Pandora Radio recently introduced a 40 hour monthly listening limit on mobile devices due to financial reasons within the industry. For people working 9-5 jobs, this means that the limit could be hit after one week of listening at work! Although Pandora claims many users won’t hit the limit, if Pandora is your main source of music, it is likely that you will. Before Pandora instituted this policy, users could listen to Pandora on any device for as long as they wanted.
For those of you unfamiliar with Pandora, the radio service allows users to pick an artist or genre, and Pandora creates a radio station based on the user’s selection. Although the station has advertisements, users could listen to their station for an unlimited amount of time. Pandora also accommodated users by allowing them to “thumbs up” or “thumb down” a selection, which allowed their “Music Genome Project” to play songs more to the user’s liking. However, due to the new 40 hour limit, Pandora lovers are now looking elsewhere to listen to music as much as they’d like. While Pandora still offers unlimited listening with the the premium ‘Pandora One’ service for $3.99 per month or $36 per year, you may still be looking for a free service to stream your music. Below are five alternatives to check out.
1. Spotify – Spotify has revolutionized music streaming. The service allows users to stream any song in their database for an unlimited amount of time. Users can choose the free version, which allows them to use the service from their desktop with advertisements or pay $9.99 for a premium version that can be accessed on other mobile devices with no advertisements. Spotify does not have a listening limit and has additional features that make it an attractive option. The ability to create and share playlists, as long as install add-on applications allows users to totally customize their experience.
2. Last.FM – Last.FM is also free, and is often underrated in the music world. Last.FM “scrobbles” all of your songs and creates statistics on your music listening, including most played tracks and artists. Last.FM users can play a “My Neighborhood” radio for free which allows the service to play music similar to music you’ve scrobbled from iTunes, Spotify, etc. This service is free and has advertisements, although a subscription to the site can be purchased for access to more features on the site.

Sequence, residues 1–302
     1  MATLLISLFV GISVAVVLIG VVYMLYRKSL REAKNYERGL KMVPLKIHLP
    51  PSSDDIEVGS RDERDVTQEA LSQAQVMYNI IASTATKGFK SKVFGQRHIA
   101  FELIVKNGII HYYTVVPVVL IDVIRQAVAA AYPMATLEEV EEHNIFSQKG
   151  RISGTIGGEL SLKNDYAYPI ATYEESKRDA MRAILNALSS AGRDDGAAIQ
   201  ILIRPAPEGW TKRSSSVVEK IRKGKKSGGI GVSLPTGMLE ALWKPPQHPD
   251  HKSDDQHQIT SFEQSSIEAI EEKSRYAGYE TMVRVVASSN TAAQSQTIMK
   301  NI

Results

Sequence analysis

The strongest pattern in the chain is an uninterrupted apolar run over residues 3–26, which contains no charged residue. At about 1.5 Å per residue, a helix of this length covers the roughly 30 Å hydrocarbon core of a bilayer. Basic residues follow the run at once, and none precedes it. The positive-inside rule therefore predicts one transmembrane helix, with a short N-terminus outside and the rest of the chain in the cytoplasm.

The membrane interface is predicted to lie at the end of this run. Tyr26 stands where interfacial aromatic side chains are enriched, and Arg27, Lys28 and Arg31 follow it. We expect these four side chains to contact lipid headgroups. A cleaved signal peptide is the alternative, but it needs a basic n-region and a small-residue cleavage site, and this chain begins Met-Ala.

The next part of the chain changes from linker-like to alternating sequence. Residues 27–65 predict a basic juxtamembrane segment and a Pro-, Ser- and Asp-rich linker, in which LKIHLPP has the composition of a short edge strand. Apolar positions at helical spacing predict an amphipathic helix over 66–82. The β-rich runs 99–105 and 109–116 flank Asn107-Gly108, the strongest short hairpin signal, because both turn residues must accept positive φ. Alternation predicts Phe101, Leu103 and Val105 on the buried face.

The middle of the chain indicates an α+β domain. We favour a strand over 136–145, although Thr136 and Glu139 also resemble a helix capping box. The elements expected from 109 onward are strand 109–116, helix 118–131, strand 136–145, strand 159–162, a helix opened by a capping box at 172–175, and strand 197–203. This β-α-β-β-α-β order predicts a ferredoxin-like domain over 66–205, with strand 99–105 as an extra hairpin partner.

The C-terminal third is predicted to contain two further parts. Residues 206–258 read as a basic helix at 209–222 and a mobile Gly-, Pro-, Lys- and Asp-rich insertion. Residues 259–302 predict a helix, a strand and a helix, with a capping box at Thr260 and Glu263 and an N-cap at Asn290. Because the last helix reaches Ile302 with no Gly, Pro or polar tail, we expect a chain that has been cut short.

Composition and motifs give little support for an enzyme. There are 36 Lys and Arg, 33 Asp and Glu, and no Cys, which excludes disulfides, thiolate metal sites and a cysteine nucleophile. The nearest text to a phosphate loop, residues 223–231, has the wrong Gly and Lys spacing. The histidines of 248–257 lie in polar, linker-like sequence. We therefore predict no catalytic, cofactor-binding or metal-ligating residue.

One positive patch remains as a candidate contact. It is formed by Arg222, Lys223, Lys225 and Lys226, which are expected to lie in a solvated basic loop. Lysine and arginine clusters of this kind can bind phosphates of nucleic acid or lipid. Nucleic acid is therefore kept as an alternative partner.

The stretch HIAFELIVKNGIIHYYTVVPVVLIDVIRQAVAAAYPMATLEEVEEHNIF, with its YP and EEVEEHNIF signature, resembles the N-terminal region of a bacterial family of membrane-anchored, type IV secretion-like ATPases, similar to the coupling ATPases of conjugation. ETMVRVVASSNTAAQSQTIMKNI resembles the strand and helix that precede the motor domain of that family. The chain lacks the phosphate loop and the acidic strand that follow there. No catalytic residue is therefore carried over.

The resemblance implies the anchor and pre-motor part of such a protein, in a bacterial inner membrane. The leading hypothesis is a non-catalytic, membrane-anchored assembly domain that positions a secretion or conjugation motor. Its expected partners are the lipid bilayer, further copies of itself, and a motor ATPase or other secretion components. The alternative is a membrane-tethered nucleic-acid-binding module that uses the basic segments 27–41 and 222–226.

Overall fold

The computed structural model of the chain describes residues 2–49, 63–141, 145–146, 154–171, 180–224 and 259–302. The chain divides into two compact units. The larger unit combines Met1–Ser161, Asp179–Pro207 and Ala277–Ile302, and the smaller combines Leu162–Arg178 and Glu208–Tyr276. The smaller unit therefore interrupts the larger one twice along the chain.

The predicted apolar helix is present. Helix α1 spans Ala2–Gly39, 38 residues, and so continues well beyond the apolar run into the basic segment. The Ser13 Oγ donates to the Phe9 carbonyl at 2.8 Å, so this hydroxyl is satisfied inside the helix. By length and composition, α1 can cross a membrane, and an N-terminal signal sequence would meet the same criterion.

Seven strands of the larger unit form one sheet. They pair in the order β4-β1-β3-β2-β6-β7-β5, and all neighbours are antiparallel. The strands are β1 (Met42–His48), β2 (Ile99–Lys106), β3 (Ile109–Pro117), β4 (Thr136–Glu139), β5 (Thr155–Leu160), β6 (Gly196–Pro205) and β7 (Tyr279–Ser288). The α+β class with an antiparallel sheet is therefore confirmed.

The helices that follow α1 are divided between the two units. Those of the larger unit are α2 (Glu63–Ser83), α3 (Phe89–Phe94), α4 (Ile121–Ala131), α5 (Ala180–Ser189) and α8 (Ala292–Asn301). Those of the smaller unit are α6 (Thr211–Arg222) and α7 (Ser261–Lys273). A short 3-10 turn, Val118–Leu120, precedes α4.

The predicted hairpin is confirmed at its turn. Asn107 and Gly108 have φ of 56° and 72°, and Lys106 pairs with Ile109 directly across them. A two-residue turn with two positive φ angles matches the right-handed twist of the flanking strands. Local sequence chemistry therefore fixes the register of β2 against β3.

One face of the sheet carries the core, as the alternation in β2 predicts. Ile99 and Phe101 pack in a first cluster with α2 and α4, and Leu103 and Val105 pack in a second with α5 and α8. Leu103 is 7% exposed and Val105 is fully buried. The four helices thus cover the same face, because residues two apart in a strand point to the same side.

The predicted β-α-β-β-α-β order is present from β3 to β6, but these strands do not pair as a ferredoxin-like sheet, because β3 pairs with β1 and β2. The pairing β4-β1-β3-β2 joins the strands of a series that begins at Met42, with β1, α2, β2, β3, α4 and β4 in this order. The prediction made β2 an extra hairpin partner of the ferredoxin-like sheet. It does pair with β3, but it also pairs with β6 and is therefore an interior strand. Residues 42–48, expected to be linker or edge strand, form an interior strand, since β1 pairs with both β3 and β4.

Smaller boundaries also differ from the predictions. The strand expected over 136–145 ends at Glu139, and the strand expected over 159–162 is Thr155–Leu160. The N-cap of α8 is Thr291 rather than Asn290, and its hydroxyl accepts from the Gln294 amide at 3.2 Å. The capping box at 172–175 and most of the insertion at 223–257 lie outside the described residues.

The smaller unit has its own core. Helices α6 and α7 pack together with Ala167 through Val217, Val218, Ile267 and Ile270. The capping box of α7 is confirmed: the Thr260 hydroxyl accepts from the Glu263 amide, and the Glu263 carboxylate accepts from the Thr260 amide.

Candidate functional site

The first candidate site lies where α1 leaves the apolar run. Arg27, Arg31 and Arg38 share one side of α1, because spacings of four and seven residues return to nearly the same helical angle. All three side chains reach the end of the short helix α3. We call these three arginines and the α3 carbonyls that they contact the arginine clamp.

3. Google Music – Google does everything, and music is no exception. Google Music allows you to sync your music library to the cloud and displays your playlists and songs in an interface similar to iTunes. Although there is not an option to play music similar to your own, users still have the luxury of listening to their own music from any location with Internet access.
4. Songza – While Songza does not pick music based on what you like, they do allow you to play music based on how you feel. The music concierge service provides playlists based on the time of day or activities that people are participating in (working out, going to work, hanging out with friends). The playlists are commercial free and can be played for an unlimited amount of time.
5. YouTube “Playlists” – Although not the most practical, YouTube is still an option. YouTube has revolutionized videos on the web. YouTube has introduced a queue which allows users to put together a selection of videos to play one after another. While advertisements vary based on the popularity of a video or a song, users may be able to sequence videos of their favorite songs together in a string. Although this is an different method of putting music together, it will be available to people regardless of their location. Users can create their own playlists or access ones that others have made.
6. 8tracks – 8tracks allows you to combine two different music styles to create an ultimate playlist (study and indie, dubstep and mashups). From your choices, 8tracks will over you different playlists to listen to. Users can either listen to a pre-made playlist or create one of their own. Each playlists contains (you guessed it) at least 8 tracks. 8tracks users can follow accounts that they enjoy, which allows them to connect socially on the site.
While some of these methods may require a sign-in and some may have more advertisements than others, the above options do not have a listening limit. Pandora’s rule may have lost them a lot of users, and other sites should begin to expect more users. In a technological world where access is unlimited, music should be the same way.
All of the above mentioned options have both a desktop and mobile version, so you can take your music with you wherever you go.
Have you changed your Pandora listening habits since they instituted the 40-hour per month rule on mobile? What’s your favorite alternative?